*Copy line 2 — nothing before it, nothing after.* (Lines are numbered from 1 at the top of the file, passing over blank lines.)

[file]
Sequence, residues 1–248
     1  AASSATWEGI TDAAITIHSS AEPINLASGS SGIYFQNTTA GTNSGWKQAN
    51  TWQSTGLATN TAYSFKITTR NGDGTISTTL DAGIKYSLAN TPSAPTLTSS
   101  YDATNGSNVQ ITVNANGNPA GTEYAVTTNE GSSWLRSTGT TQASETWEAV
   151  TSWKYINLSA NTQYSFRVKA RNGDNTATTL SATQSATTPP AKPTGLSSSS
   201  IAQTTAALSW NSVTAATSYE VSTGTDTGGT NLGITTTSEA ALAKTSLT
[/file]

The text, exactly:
     1  AASSATWEGI TDAAITIHSS AEPINLASGS SGIYFQNTTA GTNSGWKQAN